Country Living and Gopher Management
It may come as no surprise that I was not raised in Bodega. I’m a suburban girl who followed her heart to the country. I have reveled in the rural lifestyle for about 10 years now, and have watched myself transform with interest. My emotions in the early summer have shifted from surprise and delight in seeing hay bales suddenly dotting the pastures - to anxiety that we had not gotten the hay planted or baled on time - to smug, now that I think we finally did. I won’t go so far as to say I have arrived at pride yet, because I’m not sure the animals will eat it, but I do actually get a funny sort of enjoyment when someone points out that I have hayseeds sticking out of my blouse.
So in spite of, or perhaps because of, my fine, un-related education, I need to take classes on some of the basics. My first class was on potatoes. Having somehow found myself championing the cause of bringing back the historic Bodega Red Potato, I figured I needed to learn something about raising them. I attended a potato class at the Blankity Blank Farm in south Sebastopol, and was thrilled to hob nob with like-minded potato lovers. Denny, self-proclaimed Mr. Potato Head himself, Hunt aptly led the class and infused us with excitement and the potential for becoming solid, self-sufficient potato farmers. The main point I remembered was the importance of gopher management. This, apparently, is 80% of the potato farmer’s job.
So I took a class in gopher trapping. This class was taught by Denny’s mother Nancy, Grandma Gopher, Petersen Hunt. Now Nancy was raised in the country. She has been successfully trapping gophers for 70 years and proudly boasts that she started her career as a gopher bounty hunter at the age of six. Nancy amassed a kid-sized fortune getting five cents per gopher pelt from her Uncle Petersen, and ten cents for each on top of that from the City of Sebastopol. She showed us several sinister looking traps, and recommended the Black Box Trap for its ease of installation and lower tendency to snap fingers. Soon we were off to try them out.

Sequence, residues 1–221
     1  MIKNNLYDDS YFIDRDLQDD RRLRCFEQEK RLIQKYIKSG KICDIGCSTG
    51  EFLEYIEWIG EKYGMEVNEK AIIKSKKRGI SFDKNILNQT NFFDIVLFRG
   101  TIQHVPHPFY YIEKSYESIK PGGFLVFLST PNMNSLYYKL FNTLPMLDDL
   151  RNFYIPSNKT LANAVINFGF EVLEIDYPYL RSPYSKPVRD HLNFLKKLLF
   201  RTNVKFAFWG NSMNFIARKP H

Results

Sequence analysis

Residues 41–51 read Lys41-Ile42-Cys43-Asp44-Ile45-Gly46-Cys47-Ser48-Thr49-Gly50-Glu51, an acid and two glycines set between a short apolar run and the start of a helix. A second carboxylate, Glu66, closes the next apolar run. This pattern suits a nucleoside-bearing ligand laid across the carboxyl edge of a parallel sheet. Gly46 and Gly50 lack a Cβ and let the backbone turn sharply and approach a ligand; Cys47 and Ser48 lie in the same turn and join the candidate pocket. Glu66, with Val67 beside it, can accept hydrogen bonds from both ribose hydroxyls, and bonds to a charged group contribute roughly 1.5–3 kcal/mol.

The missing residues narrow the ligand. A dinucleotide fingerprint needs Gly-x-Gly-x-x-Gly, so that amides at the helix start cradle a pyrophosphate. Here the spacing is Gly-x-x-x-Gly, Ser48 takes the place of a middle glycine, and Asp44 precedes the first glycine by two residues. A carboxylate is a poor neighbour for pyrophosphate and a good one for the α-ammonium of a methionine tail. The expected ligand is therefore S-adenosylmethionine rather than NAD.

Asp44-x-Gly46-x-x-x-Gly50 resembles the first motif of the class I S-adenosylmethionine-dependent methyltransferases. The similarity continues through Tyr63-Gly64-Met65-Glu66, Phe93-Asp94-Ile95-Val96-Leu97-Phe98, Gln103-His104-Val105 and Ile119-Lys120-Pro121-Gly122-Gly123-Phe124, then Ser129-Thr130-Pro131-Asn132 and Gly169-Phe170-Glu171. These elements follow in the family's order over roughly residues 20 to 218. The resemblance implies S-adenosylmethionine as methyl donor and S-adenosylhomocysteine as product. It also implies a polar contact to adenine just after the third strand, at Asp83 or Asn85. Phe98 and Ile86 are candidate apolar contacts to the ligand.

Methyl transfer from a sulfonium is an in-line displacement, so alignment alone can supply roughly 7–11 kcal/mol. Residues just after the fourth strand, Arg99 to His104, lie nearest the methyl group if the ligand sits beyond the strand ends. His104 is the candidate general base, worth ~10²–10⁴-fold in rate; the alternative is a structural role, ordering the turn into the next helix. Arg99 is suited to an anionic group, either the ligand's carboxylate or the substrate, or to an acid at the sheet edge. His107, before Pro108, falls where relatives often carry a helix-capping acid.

Gophers are active in the morning, noon, and early evening, so this is when you have the best chance to catch them. We set our practice traps and went in for lunch. As the conversation deteriorated into the usual depressing topics of economics and politics, I looked out the window and saw Grandma Gopher, who had admitted her inability to sit still, on her hands and knees in the front yard, shoulder deep in a gopher hole. In a blink she popped up triumphantly waving a live gopher she had caught with her bare hands! To top that off, we followed her back to the traps and had caught gophers in five of the seven traps. This, in my mind, is the stuff of a living legend, and I am proud to be the scribe to immortalize it.
Readers will please submit their favorite gopher stew recipes. I think it should be especially good with those delicious Bodega Reds.
Potatoes, Parades and Parties
Denny has achieved honorary membership in the Bodega Red Potato Club by donating a beautiful painting (done by himself) of the Bodega Head, which will be raffled at the Bodega Big Event, August 7 and other important events. Proceeds will help pay for more virus-free Bodega Red Potatoes, the first of which may be ready to distribute in the fall. Anyone marching in the parade dressed as a potato will also receive honorary membership (starts at 10:30 am).
Bodega’s two big summer events are now three weeks apart, so revelers can heal their sunburns and be ready to party again at the Seafood, Art and Wine Festival on August 27 and 28. Keep an eye out for September’s BLTs with BLT (Bodega Land Trust). Our little neighborhood land trust has cause to celebrate the successful completion of a new conservation easement in Tannery Creek Canyon.
I complete this column on a sad note. Bodega mourns the sudden death of our well-loved coffee barista John Brady. All hearts go out with deep sympathy to his wife Kelly and daughter Vivian.